The Sunday Tunnel: No Light, No Tunnel
[Continues from here.]
This is where it ends. Where I start yet another life filled to the brim with dreams that, if not frustrated, will get frustrating. So much is true of any tunnel: that if there is no light at the end of it, it is no tunnel (regardless of timeless logic which may always hold but which in time never applies.
“(..) you always lose at solitaire, she said, smiling a rare, mother-made smile: crosswords are never completed, only given up, and card games like these are never won; that’s why I play them.” (ibid., p. 631)
The truth in this book has been ample and like that word it feels amputated as if the truth in this book is a phantom joy, the sensation of excitement felt in what is no longer there. Cut and left wet, moist with tears for what cannot be; a be that stings, a life that stinks.
“But every dark is different. Some darks may be boundless, stratospherical, pure, but I prefer mine circumscribed like a corset, and where, if I had a soul, it would be squoozen, and where, when I’m found, I’ll be identified as the remains of a child, doubled over, waiting to be born.” (ibid., p. 635)
Why write? Why write at all?
Not just for somebody to read, that would be to end it and anything that ends defeats the purpose of starting. No, writing is not just for reading; writing is for reading that engenders writing that – when – read inspires new writing, really totally new writing. Why? To start all over again. Not two movements and one synthesis but four and no reconciliation. The title of the next should be The Ladder. To where? Up. With whom? Alone but all alone as in all together alone. There’s comfort in that, in letting go of the finality and letting go of originality (Scylla and Charybdis?).
“Poets are neither born nor made nor found in a field like the ash of a fallen star. There are no poets, there are only poems. But in my youth I wished to be a poet. Then I might write poems. Beneath a tree. On flyleaves. I would breath them down necks shaped like swans or like similes; I would sing them to empty skies and cause larks. I would wear my hair long, wind ribbons round my throat, lounge in gardens, affect TB, smoke incessantly, drink something green. Yes, how to be a poet, that was the problem.” (ibid, p. 638)
To want to be somebody – let me try to be smart – is the problem: why not be somemind? Man, that’s corny! Indeed, but why not true? Why do we want to be somebody? Because they told us to be somebody. They told us to build personality – ma non troppo – and then convert it into matter such that we matter; after all, the only thing that matters is matter. And this may be corny (as well as are the couple of thousands google hits that it gets when flanked by 2 times “) but it is true of all things spiritual that end somewhere (and therefore begin somewhere because this vice is totally versa) as all endings are material.
There are only poems; poets are co-incidental. They pluck what others grow. I am a poet even if I never write a line that’s more than pure twaddle. And you can’t take this from me, not even by leaving me alone.
“But twiddlers don’t spot twaddle; that’s why they are twiddlers; it’s well known. And how in the worn round world can I, having written twaddle oafter twaddle, have the forewit to correct it? Haven’t my habits worn a trench for me higher than my head? Ah, this dim point of view weakly replies, I borrow my standards from the poets I have read, and that’s how I recognize my twaddle as twaddle, and that’s how I learn to correct it – my twaddle in time and due course resembling twuddle, perhaps, the twuddle of the poets I prefer.” (ibid., p. 640)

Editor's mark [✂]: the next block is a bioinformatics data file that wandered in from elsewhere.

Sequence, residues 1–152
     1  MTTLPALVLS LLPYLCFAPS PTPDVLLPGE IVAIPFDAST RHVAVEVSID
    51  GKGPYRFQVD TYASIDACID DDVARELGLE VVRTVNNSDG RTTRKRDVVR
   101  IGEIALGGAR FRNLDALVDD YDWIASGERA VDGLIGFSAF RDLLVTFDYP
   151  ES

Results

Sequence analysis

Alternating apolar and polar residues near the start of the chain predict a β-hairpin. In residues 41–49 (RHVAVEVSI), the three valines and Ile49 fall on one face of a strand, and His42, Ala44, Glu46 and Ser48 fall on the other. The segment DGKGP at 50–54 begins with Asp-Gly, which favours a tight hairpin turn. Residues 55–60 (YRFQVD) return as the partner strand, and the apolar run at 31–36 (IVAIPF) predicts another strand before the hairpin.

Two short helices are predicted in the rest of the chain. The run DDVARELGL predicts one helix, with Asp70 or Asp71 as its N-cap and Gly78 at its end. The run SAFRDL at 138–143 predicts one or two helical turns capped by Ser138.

Ah, Kohler, again – and again – and again, close but no cigar; steps but no ladder; tunnels but no light. Progress is what is lacking: from twiddle to twaddle to twiddle again and on to more twaddle but the middle twiddle is not one and the same twiddle as the first twiddle – not in quantity and not in quality. The middle twiddle is twuddle and when the first twiddle is twuddle than the middle twiddle is tweddle and so on and on it goes.
[And yes, by the way, as remarkable as ancient twiddle may have been … it gets dated and over time becomes twaddle as all past distant twiddle is doomed to be twaddled as all future distant twaddle would – if seen know – would be seen as best twiddle ever.]
Tones is what creates personality and personality creates tones and in the universe of tones matter doesn’t matter, only we do. Opaque? Sure it is.
“I didn’t understand then (I wasn’t as quick as the slick brown fox) that poetry was the inside of history, was the interior of the text, was the present alive in what had passed, was what sustained itself through every change of tense. if the poet wonders where yesterday’s snows have gone, he is really mourning the melting of the drift he’s standing in, feeling the clod claim his soggy shoes; (..)” (ibid., p. 642)
That’s why I hate people insisting on proper use of tense. They have us build walls between past, present and future (and within the past, within the present and within the future). Progress is a timeless, universal, yes, necessary concept even if we are in time. We in time, our tones are timeless. Nothing falls, nothing rises; there is just continuity.
Flux. Flow. Let’s call it the Fu Flux Flan and join it – better than joining the PdP. Quoting begets misrepresentation.
“because the dark which appears when consciousness clicks off returns all mind to matter (..)” (ibid., p. 644)
Only consciousness doesn’t, click off. Matter turns out mind but once the genie is out of the bottle, there is no returning, no cycles, nothing goes round neither comes around.
Let me finish my twaddle with some of Gass’ twiddle:
“Or shall I, like the rivers rise? Ah. Well. Is rising wise? Revolver like the Führer near an ear. Or lay my mind down down by sorrow’s side.”
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